Craig Hockenberry warns of the number one threat to small, independent development shops — patent and copyright trolls:
The scary part is that these infringements can happen with any part of our products or websites: things that you’d never imagine being a violation of someone else’s intellectual property. It feels like coding in a mine field.
From our experience, it’s entirely possible that all the revenue for a product can be eaten up by legal fees. After years of pouring your heart and soul into that product, it’s devastating. It makes you question why the hell you’re in the business: when you can’t pay salaries from product sales, there’s no point in building it in the first place.
Can you remember the last time you read a news story that made you thankful for patents or copyright law? I can’t. I had to sit on this post overnight as I thought about whether I was in favor of abolishing the entire intellectual property regime. As it turns out, I’m not. There are three major areas of intellectual property law, patents, trademark, and copyright.
Trademark law has the strongest leg to stand on. It seems pretty clear that people should, for the most part, be able to trust that something with a certain name is produced by the company with that name. Going to the grocery store and seeing shelves of drinks called “Coca Cola” that were produced by different companies would be confusing. And without laws to prevent it, that would certainly happen. Furthermore, it’s easy to see that trademark law is working effectively because companies generally do trademark searches before they name products. Releasing a product with a name that has a trademark conflict is seen as a huge gaffe. That’s a sign of an effective legal regime.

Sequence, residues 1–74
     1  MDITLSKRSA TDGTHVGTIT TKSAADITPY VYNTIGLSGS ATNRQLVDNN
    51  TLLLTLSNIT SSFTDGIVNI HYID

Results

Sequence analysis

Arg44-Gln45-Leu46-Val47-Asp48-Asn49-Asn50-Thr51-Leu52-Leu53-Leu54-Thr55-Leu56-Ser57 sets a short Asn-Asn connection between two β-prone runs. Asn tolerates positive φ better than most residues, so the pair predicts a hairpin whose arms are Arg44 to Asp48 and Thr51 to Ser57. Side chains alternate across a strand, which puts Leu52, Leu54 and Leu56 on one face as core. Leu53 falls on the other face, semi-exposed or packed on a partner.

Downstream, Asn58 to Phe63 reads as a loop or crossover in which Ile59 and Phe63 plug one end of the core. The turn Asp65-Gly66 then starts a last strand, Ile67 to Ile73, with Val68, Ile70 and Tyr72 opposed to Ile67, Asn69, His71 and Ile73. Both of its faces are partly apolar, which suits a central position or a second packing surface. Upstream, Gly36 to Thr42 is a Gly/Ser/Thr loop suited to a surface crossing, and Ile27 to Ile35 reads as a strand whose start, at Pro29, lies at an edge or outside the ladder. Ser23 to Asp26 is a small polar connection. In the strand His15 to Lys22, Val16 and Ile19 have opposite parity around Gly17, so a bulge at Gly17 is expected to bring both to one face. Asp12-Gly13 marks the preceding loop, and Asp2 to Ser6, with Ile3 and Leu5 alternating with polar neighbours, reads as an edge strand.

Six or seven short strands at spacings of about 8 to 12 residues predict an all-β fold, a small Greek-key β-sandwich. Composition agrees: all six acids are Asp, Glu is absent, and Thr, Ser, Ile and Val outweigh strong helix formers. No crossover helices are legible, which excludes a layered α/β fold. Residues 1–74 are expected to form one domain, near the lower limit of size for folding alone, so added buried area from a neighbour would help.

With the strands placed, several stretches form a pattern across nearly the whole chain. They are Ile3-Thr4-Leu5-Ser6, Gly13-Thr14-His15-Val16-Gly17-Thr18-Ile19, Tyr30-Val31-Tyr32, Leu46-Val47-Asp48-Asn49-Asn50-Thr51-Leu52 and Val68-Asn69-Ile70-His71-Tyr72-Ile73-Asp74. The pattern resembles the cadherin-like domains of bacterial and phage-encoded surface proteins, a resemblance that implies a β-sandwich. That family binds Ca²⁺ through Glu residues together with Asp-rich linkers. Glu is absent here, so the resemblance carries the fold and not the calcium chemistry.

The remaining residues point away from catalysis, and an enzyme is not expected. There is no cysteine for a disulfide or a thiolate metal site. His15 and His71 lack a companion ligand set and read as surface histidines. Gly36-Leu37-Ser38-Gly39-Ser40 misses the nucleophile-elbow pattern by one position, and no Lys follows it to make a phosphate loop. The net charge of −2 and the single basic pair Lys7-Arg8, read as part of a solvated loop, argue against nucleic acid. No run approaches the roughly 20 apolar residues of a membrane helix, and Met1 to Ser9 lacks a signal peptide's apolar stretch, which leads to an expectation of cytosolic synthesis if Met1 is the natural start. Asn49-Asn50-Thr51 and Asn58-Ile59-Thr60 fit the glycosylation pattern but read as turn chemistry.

Copyright is horribly abused, and the routine practice of extending copyright indefinitely is incredibly pernicious, but I also think it has value. I don’t think I should be able to launch a site called the Rafeington Post that just publishes the full text of all of the stories from the New York Times that I happen to find interesting. I should be required to give them a light rewrite like that other site does. In a general sense, I should not have to compete with bootlegs of my own work as soon as bootleggers are able to start making copies of it. Again, people who copy others’ work outright understand that they’re in violation of copyright law, even if they don’t care.
I am inclined to argue that patents should go away entirely, with the caveat that I’m not entirely sure how they work in industries other than my own. In software, though, patents are never, to my knowledge, taken into account at any time during the product development process. Patents are generally too opaque to even try to compare to products that are in development. Furthermore, the computer industry is built on imitation. One day, there were no popular phones built entirely around a touch screen interface. Apple came up with the iPhone, and not long after, touch screen phones that looked very, very similar to the iPhone were everywhere. I don’t think that it could be argued that this has hurt consumers. Apple remains incredibly profitable, and mobile phones are evolving rapidly, much to the benefit of users.
People in computing produce the products that they think will be most successful and rely on luck to keep them out of the crosshairs of ruinous patent litigation. Because there are so many patents, and because of the way they are evaluated, there is no way to easily figure out which patents you might violate with a product or how to get around violating those patents. In the end, the application of patent law is completely arbitrary. Given that a system cannot be both just and arbitrary, I come down on the side of eliminating patents entirely, although I suppose I could be convinced otherwise.
In the end, the laws that are meant to protect creativity and innovation instead often stifle them. Cory Doctorow recently reviewed a book that shows that the Beastie Boys’ album Paul’s Boutique would have lost $19.8 million had all of the samples been cleared under today’s regime. And on a more speculative note, Matthew Yglesias also points out that intellectual property laws could in the end be the primary barrier between us and a utopian future.